If you found this article then you have quite a big family! And so do I, so I completely understand the wanting to have enough space in the pool for everyone. I’m going to give my opinion on what size pool is best for a family of 6 but I believe you should be prepared for the cost of a pool of this size if you opt for an inground pool.
A family of 6 should get a pool that is a 20’x40′ rectangular inground pool or a 28′ in diameter round above-ground pool. A rectangular pool at this size can be over 8′ deep and used for diving while still allowing a ton of shallow area at 3.5 feet for games and relaxation. An above-ground pool will be flat bottom at 4′-5′ deep consistently. You’ll need enough space in your backyard to fit not only the pool but also the decking which can be substantial which is where a lot of the added cost comes in for these large pool builds.
I’ll dive into more about the right pool for your large family but if you want to check in more “depth” about size, pool bottoms, and best depths for an inground pool, read my article here.
Big Pools are an Exciting Option!
Well, technically, all pools are pretty exciting to the family getting a pool. But the options that come with a large pool are numerous and exciting. Specifically with inground pools, unfortunately, above-ground pools are pretty standard and the creativity comes from the surrounding deck that you might build for your above-ground.
Big pools are going to provide a ton of space for swimming, games, relaxation, jumping, and diving! Diving only for inground pools though! Diving pools are actually a specific type of pool and they are really only a viable option in my experience starting at 20’x40′ otherwise you cut off too much shallow end of your pool limiting the options for games.
The downside to a bigger pool is going to be the initial upfront cost to build or install, annual maintenance, a higher budget on pool chemicals, and more time-consuming to keep the pool clean. With that being said, most people think it is completely worth it!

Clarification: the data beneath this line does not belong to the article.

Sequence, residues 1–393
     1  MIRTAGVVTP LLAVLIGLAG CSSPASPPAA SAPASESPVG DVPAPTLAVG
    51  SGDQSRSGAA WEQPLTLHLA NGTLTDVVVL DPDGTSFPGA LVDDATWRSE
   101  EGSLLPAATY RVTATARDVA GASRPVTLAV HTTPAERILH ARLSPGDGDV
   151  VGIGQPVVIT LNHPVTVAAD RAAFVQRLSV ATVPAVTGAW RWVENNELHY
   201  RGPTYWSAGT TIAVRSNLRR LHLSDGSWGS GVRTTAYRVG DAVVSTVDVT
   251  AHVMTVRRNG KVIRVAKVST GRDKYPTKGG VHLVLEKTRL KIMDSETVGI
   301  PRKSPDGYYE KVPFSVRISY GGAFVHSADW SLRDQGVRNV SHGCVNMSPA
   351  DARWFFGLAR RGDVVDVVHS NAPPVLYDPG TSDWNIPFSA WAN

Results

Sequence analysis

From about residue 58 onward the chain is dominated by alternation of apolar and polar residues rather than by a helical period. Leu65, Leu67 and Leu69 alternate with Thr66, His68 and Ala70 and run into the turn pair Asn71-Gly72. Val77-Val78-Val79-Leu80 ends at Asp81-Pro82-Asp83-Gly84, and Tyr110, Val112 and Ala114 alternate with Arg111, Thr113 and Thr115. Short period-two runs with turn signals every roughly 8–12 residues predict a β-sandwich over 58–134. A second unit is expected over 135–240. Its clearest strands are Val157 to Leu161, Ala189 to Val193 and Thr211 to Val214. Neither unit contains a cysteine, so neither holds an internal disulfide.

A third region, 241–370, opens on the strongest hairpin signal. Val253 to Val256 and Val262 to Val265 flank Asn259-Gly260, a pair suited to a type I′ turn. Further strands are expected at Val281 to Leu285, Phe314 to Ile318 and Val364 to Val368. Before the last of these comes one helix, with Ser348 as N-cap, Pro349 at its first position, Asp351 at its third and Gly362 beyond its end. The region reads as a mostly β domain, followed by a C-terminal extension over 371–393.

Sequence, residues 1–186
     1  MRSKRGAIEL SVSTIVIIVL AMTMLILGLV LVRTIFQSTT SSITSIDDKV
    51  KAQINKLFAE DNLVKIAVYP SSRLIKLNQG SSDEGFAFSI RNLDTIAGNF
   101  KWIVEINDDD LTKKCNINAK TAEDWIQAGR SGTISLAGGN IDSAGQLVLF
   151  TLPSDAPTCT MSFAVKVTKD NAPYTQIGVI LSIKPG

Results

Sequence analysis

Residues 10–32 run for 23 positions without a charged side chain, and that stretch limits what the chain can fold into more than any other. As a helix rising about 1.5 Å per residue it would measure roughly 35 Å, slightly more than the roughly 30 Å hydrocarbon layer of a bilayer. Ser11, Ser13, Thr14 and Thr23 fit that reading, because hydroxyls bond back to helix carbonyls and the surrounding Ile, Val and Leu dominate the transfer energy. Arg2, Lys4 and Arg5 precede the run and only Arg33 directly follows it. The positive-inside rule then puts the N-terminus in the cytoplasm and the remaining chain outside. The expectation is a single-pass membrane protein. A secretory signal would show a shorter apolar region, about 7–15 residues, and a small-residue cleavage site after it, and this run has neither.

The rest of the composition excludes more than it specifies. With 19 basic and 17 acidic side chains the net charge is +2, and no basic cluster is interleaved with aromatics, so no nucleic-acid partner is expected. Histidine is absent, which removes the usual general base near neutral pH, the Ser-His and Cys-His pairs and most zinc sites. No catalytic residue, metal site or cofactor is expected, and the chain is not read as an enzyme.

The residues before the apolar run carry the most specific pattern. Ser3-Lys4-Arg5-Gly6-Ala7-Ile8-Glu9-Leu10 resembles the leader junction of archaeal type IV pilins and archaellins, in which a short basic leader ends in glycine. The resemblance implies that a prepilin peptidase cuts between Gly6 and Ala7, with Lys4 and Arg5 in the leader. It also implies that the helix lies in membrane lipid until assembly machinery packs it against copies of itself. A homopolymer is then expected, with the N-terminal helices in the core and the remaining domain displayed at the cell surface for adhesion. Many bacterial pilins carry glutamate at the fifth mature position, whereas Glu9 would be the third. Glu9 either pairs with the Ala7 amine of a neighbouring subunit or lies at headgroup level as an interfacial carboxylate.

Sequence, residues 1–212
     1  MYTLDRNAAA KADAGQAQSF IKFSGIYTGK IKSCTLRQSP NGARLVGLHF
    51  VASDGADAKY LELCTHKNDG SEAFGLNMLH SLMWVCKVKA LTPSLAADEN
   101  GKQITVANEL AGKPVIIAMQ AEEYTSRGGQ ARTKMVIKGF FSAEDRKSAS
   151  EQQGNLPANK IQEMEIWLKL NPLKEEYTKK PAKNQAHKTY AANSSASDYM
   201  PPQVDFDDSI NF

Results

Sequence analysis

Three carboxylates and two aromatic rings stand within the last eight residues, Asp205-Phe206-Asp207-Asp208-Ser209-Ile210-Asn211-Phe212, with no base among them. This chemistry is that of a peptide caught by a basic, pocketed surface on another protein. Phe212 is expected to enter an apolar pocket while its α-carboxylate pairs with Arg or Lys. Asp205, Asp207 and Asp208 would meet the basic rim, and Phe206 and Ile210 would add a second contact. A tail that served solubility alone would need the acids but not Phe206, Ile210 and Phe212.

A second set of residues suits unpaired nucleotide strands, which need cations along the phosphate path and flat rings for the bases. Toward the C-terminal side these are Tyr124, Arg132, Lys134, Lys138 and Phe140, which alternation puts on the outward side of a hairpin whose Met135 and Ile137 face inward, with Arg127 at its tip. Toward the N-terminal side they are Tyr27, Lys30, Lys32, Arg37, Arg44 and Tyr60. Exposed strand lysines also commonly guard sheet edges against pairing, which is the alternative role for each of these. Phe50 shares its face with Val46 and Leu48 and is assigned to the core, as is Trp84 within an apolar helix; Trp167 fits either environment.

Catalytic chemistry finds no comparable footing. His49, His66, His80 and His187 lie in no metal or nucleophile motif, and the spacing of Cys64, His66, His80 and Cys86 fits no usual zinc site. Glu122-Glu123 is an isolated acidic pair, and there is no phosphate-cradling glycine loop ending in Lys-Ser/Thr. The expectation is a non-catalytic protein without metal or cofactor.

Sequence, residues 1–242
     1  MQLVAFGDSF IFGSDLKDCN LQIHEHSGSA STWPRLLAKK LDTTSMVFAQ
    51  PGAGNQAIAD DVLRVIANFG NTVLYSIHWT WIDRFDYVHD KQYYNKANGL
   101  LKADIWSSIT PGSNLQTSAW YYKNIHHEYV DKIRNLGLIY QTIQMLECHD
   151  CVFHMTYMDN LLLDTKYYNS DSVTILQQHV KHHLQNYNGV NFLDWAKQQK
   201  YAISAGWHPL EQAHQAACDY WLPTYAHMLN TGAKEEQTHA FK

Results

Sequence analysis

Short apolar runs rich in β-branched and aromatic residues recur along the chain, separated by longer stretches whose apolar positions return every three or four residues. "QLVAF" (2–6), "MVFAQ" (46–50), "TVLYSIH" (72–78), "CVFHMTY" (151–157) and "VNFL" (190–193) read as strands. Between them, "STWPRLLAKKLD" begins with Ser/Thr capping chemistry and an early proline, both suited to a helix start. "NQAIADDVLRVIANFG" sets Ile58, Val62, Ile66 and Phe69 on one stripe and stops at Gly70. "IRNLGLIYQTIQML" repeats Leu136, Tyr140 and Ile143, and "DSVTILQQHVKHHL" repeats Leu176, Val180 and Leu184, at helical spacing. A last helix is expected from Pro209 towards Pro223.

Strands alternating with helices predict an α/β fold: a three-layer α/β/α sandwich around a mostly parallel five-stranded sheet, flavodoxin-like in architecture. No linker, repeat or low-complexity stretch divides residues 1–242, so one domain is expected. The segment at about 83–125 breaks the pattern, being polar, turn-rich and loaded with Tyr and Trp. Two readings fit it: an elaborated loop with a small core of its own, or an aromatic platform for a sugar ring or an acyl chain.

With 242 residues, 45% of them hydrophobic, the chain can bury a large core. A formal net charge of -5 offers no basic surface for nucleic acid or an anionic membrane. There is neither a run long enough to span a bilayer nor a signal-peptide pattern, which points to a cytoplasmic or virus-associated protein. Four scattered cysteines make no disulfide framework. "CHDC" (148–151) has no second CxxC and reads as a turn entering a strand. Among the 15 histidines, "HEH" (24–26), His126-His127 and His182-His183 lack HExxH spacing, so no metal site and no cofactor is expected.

What is a Good Inground Pool Size for a Family of 6?
As mentioned, 20’x40′ is the best option. You could choose something a little smaller if your backyard doesn’t have quite the space, if so check out my article about what size pool is best for a family of 5. If you do opt for something a bit smaller, I think you are going to be okay but most people don’t realize that adding a bit more size and depth doesn’t really add to the cost of the pool build by much. The costly choices that really add to the cost of the pool are type, shape, and features! I would add to my size and depth a bit before opting for something like laminars or deck jets.
Personally, even though it’s an exciting option, I would not go for the 8 ft deep end on my pool but would stay somewhere around 6.5′-7′ with jump rocks at the end. If you have a lot of teenagers that aren’t going to listen to your no head-first diving rule though, you might choose to go for that 8 ft diving pool. This is a personal choice of course, and there is a lot of anecdotal evidence of people really feeling happy with the choice of a diving pool just for the peace of mind it allows.
What is a Good Above-ground Pool Size for a Family of 6?
I believe for a family of this size you have to go with the 28′ diameter above-ground steel wall pool kit. There are larger sizes available as well if you want to opt for something bigger. They also have oval-shaped as well, so you can choose something like the 20’x40′ that I recommend for the inground pool.
The above-ground pool route is going to cost way less than a large inground pool. For example, a Grecian above-ground pool at 20’x40′ is $16,000. Above-ground pools can be taken down, moved, and resold when you are ready to move on from the pool. The pool kits are really durable as well and can last decades when they are taken care of. They are an eye-sore in comparison to a large inground pool but if we were being honest, it’s about the time spent with our family and the memories created. I don’t think back on any of the above-ground pools we had as a kid and remember thinking they weren’t attractive looking, I just wanted to swim and play as a kid!
The biggest downside is the lack of depth available for these pools. There are some liner options that are expandable so you could dig out a deeper end on your above-ground pool if it is something you choose to do. This should get your pool to about 6′-7′ deep depending on the liner. Typically though, most people are not going to do this so you’ll have a depth of 4′-5′ throughout the entire pool. This depth is great for games like volleyball and it’s a suitable depth for jumping if your children are small. I do not recommend jumping at this depth for teens or adults. Absolutely, no head-first diving in an above-ground pool as well.
Save Up for an Inground Pool!
I am a bit biased because my dad builds inground concrete pools for a living. If the budget wasn’t there for me, I would opt to get an intex or bestway above-ground pool for a few summers until I could afford to make the purchase of an inground pool. These pools are great, easy to set up, and cheap. After a few summers, you can upgrade to something you want to invest in for the future whether that is a steel wall above ground with a nice wooden deck wrapping around or an inground pool. This would also give a better idea of what size, location, and depth you would want for your forever pool in the future.